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Entrepreneurship in India

India was second among all nations in Total Entrepreneurship Activity as per
the Global Entrepreneurship Monitor Report of 2002. But after several years
of data, India appears to have a TEA level rather close to the world average.

India is ninth in the Global Entrepreneurship Monitor (GEM) survey of


entrepreneurial countries. It is highest among 28 countries in Necessity
based entrepreneurship, while 5th from the lowest in opportunity based
entrepreneurship.

The liberalization, which was started in 1991, and the Information Technology
boom of the mid-late 90’s, have been significant factors, leading to a wave of
entrepreneurship sweeping through the country.

Indians have entrepreneurial capacity. However the society and government


are not very encouraging towards entrepreneurship. To a large extent, the
Indian society is risk averse. People usually seek secure and long-term
employment, such as government jobs. The physical infrastructure needs to
be improved. Social Attitudes, lack of capital, inadequate physical
infrastructure and lack of government support are major factors of hindrance.

India is the fifth largest economy in the world (ranking above France, Italy,
the United Kingdom, and Russia) and has the third largest GDP in the entire
continent of Asia. It is also the second largest among emerging nations. The
liberalization of the economy in the 1990s has paved the way for a huge
number of people to become entrepreneurs.

Over the years India and China have followed opposing strategies for
development. While China’s growth has been fuelled by the heavy dose of
foreign direct investment, India has followed a much more organic method
and has concentrated more on the development of the institutions that
support private enterprise by building a stronger infrastructure to support it.

Its corporate and legal systems operate with greater efficiency and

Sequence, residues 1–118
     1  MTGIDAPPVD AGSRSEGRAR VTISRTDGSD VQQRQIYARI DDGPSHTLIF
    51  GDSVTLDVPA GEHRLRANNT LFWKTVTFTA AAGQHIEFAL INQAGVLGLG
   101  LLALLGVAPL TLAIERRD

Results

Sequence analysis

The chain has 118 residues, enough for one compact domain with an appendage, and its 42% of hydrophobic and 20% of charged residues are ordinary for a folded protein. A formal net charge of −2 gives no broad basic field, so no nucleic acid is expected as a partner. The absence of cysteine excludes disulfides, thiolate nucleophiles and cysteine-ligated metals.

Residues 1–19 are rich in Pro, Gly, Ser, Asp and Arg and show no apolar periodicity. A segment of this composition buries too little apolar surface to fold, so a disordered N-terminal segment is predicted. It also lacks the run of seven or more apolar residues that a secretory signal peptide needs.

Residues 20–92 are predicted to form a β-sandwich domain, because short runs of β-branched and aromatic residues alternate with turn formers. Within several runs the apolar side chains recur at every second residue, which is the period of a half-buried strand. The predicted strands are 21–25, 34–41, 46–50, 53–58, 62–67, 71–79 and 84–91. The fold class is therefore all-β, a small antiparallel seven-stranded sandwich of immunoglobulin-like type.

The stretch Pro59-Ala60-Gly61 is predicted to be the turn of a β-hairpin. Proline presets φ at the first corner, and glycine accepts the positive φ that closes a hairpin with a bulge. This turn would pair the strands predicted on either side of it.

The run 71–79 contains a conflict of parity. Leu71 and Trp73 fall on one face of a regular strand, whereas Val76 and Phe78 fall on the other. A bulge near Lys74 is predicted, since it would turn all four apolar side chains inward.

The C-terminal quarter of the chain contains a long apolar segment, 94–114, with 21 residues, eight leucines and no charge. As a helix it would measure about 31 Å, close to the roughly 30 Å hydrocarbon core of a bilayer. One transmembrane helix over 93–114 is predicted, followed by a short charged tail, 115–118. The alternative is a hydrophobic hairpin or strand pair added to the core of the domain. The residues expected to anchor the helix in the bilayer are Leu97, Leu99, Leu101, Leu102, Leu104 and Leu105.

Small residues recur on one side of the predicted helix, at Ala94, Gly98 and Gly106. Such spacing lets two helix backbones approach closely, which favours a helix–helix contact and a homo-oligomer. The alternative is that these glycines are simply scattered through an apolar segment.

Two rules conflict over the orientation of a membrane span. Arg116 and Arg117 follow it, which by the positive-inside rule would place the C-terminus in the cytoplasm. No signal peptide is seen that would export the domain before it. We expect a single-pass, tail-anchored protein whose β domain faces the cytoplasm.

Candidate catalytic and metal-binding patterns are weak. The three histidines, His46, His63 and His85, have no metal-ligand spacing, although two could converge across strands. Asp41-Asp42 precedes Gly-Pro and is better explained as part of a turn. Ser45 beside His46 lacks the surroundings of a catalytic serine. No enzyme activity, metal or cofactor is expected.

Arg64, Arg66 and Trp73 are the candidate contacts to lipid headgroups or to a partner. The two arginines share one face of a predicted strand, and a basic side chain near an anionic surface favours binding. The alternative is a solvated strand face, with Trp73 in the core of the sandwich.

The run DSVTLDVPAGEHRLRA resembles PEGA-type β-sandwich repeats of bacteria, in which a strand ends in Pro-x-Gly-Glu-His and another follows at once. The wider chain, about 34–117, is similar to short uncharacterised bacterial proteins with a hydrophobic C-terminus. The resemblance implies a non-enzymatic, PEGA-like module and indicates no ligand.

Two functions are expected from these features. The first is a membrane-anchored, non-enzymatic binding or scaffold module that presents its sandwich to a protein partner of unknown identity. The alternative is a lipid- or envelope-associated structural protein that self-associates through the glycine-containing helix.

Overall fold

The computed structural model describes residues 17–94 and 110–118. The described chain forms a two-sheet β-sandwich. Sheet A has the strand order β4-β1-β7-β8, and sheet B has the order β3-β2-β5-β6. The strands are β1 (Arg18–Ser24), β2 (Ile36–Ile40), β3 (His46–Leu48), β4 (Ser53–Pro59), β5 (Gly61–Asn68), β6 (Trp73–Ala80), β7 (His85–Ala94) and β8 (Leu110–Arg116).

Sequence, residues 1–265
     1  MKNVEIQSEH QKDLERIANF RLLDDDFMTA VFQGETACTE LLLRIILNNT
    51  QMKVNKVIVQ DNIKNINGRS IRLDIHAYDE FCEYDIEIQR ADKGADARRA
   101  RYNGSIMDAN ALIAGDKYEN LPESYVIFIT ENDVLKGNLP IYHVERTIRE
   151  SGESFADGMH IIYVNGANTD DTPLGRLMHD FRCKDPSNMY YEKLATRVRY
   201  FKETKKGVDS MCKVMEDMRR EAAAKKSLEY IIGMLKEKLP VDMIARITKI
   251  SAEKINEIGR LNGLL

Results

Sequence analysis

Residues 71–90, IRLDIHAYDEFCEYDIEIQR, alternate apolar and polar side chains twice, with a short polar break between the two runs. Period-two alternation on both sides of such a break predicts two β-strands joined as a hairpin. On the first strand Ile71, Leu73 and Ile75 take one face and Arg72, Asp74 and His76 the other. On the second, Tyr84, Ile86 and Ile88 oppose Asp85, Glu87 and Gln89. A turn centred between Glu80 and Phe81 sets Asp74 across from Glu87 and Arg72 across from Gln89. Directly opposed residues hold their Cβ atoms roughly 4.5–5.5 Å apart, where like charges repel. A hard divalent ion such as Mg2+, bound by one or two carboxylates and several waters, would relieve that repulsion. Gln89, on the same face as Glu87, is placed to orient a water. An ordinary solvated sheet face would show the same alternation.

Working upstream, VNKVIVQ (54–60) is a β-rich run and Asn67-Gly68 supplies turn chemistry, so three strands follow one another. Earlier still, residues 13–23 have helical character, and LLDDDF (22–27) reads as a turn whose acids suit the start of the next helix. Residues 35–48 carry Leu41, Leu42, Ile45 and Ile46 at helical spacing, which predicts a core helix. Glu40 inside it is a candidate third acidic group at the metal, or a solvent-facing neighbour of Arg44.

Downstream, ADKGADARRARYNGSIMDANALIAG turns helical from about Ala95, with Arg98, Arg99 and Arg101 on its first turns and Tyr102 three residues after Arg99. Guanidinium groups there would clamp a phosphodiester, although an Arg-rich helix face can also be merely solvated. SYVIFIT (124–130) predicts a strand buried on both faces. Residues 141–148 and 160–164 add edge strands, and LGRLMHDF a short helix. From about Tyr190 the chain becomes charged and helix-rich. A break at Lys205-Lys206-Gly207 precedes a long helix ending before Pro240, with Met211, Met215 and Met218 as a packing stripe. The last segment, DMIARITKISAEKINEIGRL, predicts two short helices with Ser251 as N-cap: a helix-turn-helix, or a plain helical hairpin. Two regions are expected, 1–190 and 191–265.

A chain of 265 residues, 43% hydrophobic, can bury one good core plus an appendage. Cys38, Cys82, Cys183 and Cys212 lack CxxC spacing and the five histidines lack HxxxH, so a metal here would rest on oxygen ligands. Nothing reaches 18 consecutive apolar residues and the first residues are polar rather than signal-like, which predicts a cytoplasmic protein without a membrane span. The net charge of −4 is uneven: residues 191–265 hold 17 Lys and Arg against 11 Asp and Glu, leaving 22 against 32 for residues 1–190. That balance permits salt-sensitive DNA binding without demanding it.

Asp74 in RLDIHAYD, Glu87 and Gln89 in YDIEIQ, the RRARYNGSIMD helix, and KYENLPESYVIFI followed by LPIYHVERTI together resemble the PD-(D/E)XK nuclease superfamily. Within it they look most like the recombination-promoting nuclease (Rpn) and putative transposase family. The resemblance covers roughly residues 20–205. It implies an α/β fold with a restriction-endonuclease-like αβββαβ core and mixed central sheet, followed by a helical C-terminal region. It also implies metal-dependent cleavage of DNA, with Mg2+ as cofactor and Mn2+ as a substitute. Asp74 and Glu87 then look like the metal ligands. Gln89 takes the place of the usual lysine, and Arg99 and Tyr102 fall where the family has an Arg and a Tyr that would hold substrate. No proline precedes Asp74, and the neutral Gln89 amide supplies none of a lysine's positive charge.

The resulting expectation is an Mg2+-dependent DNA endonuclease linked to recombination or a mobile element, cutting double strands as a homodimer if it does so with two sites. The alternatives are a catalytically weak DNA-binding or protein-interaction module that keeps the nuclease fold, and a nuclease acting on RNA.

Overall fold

transparency than do China’s. The Government has encouraged
entrepreneurship by providing training and also the facilities to succeed,
particularly in the rural areas. One style of innovation that really works in a
country as large and diverse as India, is grassroots innovation: this includes
inventions for a milieu that is quintessentially Indian.

Moreover, in India, the post-liberalization and globalization era has brought


with it a growing middle class - roughly estimated to be 250 million - and
rising disposable incomes. This presents a huge potential, which if tapped can
be a veritable gold mine. Entrepreneurs can make the best of this by catering
to various demands of this segment. India, with its abundant supply of talent
in IT, management, and R&D, has become the hot bed of outsourcing of
services from all parts of the globe where companies can reduce their costs,
but not their quality [If the foreign company chooses the right Indian partner].

In terms of improvement, there needs to be an increase in the quality and


quantity of VC / Angel Investors in India. Also, the Governments need to still
continue reducing the administrative burden on entrepreneurs, and
coordinate among their agencies to ensure that the necessary resources are
directed where they are needed. The physical infrastructure needs to be
improved. Socially, the Indian society is adapting to a more risk friendly
environment and also looking for jobs in the private sector.